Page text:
Stock Analysis

AerCap Holdings (NYSE:AER) Use Of Debt Could Be Considered Risky

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NYSE:AER
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The external fund manager backed by Berkshire Hathaway's Charlie Munger, Li Lu, makes no bones about it when he says 'The biggest investment risk is not the volatility of prices, but whether you will suffer a permanent loss of capital.' When we think about how risky a company is, we always like to look at its use of debt, since debt overload can lead to ruin. We note that AerCap Holdings N.V. (NYSE:AER) does have debt on its balance sheet. But is this debt a concern to shareholders?

What Risk Does Debt Bring?

Debt assists a business until the business has trouble paying it off, either with new capital or with free cash flow. Part and parcel of capitalism is the process of 'creative destruction' where failed businesses are mercilessly liquidated by their bankers. However, a more usual (but still expensive) situation is where a company must dilute shareholders at a cheap share price simply to get debt under control. Of course, plenty of companies use debt to fund growth, without any negative consequences. The first step when considering a company's debt levels is to consider its cash and debt together.

Check out our latest analysis for AerCap Holdings

How Much Debt Does AerCap Holdings Carry?

As you can see below, AerCap Holdings had US$27.6b of debt at September 2021, down from US$31.3b a year prior. However, it also had US$1.32b in cash, and so its net debt is US$26.3b.

debt-equity-history-analysis
NYSE:AER Debt to Equity History December 22nd 2021

How Strong Is AerCap Holdings' Balance Sheet?

According to the last reported balance sheet, AerCap Holdings had liabilities of US$2.16b due within 12 months, and liabilities of US$29.4b due beyond 12 months. On the other hand, it had cash of US$1.32b and US$2.12b worth of receivables due within a year. So its liabilities total US$28.1b more than the combination of its cash and short-term receivables.

This deficit casts a shadow over the US$15.0b company, like a colossus towering over mere mortals. So we'd watch its balance sheet closely, without a doubt. After all, AerCap Holdings would likely require a major re-capitalisation if it had to pay its creditors today.

We use two main ratios to inform us about debt levels relative to earnings. The first is net debt divided by earnings before interest, tax, depreciation, and amortization (EBITDA), while the second is how many times its earnings before interest and tax (EBIT) covers its interest expense (or its interest cover, for short). This way, we consider both the absolute quantum of the debt, as well as the interest rates paid on it.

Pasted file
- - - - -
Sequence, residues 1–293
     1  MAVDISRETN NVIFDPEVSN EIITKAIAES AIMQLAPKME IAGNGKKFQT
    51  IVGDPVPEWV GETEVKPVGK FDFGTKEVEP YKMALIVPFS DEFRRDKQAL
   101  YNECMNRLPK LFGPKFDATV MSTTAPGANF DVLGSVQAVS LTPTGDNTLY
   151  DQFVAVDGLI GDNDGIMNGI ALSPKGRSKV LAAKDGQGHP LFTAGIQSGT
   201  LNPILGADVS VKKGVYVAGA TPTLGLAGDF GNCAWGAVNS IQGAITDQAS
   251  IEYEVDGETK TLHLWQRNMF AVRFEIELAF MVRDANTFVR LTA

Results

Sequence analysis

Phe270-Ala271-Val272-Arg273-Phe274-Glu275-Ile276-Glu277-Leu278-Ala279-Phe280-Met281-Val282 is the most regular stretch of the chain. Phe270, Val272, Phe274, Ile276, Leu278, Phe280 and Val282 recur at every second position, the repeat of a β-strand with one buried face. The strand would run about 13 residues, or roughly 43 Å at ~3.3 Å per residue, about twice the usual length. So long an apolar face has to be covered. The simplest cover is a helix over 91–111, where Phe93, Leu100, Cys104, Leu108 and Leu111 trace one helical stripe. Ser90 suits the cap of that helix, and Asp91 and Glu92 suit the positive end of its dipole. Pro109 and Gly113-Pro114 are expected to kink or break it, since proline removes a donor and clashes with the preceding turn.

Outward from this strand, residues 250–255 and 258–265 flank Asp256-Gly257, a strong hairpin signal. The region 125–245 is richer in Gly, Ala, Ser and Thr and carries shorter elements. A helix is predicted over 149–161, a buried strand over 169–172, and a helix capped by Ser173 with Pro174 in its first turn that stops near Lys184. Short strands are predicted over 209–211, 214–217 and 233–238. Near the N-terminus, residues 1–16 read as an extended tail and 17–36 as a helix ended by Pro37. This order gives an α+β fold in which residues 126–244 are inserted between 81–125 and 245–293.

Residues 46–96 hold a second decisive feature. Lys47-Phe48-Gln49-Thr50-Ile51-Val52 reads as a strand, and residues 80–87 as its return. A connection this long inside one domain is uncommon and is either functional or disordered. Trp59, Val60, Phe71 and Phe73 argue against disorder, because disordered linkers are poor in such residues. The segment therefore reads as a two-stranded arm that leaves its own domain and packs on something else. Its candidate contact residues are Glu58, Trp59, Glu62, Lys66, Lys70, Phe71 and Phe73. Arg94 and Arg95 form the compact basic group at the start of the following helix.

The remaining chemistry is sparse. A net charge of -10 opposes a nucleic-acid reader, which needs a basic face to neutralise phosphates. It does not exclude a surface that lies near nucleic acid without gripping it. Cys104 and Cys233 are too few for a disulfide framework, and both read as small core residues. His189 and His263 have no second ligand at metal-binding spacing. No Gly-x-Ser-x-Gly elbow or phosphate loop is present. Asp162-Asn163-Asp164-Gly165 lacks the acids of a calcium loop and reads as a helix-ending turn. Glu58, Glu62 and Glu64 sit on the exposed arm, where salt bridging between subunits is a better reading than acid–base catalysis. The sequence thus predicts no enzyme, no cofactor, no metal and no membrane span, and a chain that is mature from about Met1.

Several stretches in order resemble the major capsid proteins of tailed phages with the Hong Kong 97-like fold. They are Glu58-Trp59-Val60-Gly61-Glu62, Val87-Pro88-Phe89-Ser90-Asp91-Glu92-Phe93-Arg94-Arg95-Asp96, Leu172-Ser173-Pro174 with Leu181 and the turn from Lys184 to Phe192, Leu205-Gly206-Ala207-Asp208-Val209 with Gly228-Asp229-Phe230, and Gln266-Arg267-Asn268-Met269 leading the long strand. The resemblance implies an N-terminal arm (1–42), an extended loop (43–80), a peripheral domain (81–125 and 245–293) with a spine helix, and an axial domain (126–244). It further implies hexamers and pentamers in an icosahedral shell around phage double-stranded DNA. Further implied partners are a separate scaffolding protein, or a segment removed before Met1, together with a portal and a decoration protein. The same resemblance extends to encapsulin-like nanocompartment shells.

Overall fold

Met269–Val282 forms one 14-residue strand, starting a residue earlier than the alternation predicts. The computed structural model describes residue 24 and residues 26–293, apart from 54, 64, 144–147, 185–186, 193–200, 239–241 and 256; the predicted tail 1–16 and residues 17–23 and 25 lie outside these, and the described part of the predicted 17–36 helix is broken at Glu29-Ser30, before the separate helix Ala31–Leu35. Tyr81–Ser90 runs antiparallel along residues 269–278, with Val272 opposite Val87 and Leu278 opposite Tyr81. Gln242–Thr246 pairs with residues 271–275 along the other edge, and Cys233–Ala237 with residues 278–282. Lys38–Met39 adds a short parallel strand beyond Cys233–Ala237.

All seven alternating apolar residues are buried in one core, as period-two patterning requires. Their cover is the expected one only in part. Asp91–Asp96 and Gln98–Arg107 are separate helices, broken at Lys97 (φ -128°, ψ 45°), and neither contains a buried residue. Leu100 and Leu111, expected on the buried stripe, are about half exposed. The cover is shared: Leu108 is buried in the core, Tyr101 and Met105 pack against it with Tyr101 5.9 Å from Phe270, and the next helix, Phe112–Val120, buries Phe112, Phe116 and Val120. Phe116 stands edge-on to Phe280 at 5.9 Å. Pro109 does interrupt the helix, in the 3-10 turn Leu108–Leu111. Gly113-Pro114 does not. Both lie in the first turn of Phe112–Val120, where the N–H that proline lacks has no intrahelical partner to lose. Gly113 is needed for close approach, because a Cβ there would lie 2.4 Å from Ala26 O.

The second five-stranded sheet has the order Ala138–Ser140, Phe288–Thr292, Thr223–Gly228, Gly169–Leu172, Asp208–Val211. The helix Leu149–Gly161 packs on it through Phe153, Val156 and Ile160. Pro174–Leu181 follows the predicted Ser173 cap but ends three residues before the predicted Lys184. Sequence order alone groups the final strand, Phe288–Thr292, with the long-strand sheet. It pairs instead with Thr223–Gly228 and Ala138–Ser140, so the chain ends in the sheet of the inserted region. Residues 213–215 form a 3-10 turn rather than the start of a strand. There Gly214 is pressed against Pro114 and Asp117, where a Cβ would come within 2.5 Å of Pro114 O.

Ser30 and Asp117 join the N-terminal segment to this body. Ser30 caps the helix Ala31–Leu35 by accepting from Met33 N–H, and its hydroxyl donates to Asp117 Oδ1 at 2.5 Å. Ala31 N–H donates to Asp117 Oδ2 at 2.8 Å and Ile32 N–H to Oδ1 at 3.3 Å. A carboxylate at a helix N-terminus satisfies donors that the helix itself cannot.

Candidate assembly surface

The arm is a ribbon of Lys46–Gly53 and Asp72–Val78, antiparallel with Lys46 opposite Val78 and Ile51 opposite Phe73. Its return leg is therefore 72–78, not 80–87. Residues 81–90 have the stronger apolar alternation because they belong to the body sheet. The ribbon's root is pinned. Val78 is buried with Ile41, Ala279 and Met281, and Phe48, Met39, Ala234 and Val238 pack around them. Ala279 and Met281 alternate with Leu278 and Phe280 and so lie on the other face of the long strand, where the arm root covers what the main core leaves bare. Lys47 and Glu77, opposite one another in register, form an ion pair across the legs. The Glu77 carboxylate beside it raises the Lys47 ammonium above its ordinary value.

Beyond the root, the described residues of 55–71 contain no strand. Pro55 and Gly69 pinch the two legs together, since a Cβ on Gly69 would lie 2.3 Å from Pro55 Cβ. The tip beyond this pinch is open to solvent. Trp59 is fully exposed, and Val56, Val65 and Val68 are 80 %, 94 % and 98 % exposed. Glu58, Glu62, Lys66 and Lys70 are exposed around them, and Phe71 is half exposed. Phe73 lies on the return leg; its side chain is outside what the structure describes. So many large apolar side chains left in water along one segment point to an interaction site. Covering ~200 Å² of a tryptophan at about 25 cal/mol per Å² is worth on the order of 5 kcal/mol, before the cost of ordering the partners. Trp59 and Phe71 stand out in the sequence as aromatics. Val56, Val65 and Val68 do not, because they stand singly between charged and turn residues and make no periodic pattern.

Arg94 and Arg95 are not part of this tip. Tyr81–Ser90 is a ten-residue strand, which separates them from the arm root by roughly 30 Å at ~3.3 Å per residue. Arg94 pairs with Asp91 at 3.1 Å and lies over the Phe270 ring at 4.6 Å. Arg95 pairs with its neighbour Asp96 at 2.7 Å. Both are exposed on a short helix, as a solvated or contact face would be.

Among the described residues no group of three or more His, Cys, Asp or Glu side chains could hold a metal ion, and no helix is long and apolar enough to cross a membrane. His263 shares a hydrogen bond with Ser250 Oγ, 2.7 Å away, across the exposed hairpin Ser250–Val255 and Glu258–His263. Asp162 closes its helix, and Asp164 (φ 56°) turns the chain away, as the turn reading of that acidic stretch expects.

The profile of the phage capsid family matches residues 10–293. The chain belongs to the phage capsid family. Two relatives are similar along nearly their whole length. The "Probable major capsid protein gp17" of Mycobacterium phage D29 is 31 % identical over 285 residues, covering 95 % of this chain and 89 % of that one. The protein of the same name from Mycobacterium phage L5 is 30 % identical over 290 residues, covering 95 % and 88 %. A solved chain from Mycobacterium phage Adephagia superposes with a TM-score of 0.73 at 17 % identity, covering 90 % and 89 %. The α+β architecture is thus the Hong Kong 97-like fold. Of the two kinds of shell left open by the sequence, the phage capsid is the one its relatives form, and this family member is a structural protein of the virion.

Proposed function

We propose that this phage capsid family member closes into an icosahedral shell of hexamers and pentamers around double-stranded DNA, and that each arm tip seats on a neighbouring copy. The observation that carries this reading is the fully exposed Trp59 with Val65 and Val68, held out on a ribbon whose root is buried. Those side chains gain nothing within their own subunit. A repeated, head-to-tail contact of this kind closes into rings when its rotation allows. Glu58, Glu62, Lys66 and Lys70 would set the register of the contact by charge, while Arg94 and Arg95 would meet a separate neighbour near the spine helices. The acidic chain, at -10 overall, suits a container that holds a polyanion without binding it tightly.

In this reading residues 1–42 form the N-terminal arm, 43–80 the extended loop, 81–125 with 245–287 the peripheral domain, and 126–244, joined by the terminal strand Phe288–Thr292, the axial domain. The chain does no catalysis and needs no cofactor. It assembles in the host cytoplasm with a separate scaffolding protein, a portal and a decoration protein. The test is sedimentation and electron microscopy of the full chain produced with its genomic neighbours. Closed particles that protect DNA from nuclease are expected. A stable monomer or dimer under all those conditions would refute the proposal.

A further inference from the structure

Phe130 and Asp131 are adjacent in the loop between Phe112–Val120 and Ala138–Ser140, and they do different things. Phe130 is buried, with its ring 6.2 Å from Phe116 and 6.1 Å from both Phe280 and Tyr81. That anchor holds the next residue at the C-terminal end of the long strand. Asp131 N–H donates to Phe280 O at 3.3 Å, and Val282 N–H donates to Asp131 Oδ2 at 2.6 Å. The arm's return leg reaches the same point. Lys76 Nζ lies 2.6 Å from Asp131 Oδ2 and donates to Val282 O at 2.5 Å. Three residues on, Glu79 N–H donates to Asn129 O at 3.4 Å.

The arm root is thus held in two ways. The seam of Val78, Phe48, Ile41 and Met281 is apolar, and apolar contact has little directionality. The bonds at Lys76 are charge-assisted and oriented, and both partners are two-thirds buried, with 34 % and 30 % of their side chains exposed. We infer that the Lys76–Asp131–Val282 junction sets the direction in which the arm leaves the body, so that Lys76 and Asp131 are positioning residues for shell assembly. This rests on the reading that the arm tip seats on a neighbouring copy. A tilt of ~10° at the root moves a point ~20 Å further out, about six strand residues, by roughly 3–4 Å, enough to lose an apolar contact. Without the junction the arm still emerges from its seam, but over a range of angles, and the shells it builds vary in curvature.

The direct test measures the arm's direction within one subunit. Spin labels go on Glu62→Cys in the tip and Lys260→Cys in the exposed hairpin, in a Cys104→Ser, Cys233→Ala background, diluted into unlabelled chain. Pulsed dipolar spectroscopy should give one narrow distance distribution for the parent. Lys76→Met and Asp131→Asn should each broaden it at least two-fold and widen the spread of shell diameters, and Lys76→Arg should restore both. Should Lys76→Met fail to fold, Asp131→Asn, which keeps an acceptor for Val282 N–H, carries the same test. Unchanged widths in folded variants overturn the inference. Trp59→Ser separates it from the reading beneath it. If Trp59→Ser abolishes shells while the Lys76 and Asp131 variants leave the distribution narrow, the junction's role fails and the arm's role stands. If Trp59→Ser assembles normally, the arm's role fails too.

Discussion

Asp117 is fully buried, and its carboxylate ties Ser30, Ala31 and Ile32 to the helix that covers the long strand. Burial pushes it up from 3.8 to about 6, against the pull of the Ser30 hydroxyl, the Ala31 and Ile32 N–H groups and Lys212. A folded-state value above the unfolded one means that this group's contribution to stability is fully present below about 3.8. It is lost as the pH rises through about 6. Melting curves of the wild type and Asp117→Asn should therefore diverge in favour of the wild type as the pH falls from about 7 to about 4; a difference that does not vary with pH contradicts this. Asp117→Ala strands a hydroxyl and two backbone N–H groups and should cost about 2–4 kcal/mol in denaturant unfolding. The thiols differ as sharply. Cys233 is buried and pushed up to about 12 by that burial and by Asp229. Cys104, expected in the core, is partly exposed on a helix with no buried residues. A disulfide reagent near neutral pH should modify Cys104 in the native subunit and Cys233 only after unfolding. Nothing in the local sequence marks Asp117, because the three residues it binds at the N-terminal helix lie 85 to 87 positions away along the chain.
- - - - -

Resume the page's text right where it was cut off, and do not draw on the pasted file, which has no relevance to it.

Weak interest cover of 1.8 times and a disturbingly high net debt to EBITDA ratio of 12.5 hit our confidence in AerCap Holdings like a one-two punch to the gut. This means we'd consider it to have a heavy debt load. Another concern for investors might be that AerCap Holdings's EBIT fell 16% in the last year. If things keep going like that, handling the debt will about as easy as bundling an angry house cat into its travel box. The balance sheet is clearly the area to focus on when you are analysing debt. But ultimately the future profitability of the business will decide if AerCap Holdings can strengthen its balance sheet over time. So if you want to see what the professionals think, you might find this free report on analyst profit forecasts to be interesting.

Finally, a company can only pay off debt with cold hard cash, not accounting profits. So we always check how much of that EBIT is translated into free cash flow. Considering the last three years, AerCap Holdings actually recorded a cash outflow, overall. Debt is usually more expensive, and almost always more risky in the hands of a company with negative free cash flow. Shareholders ought to hope for an improvement.

Our View

On the face of it, AerCap Holdings's net debt to EBITDA left us tentative about the stock, and its level of total liabilities was no more enticing than the one empty restaurant on the busiest night of the year. And even its interest cover fails to inspire much confidence. It looks to us like AerCap Holdings carries a significant balance sheet burden. If you play with fire you risk getting burnt, so we'd probably give this stock a wide berth. When analysing debt levels, the balance sheet is the obvious place to start. However, not all investment risk resides within the balance sheet - far from it. We've identified 3 warning signs with AerCap Holdings (at least 2 which are a bit unpleasant) , and understanding them should be part of your investment process.

If you're interested in investing in businesses that can grow profits without the burden of debt, then check out this free list of growing businesses that have net cash on the balance sheet.

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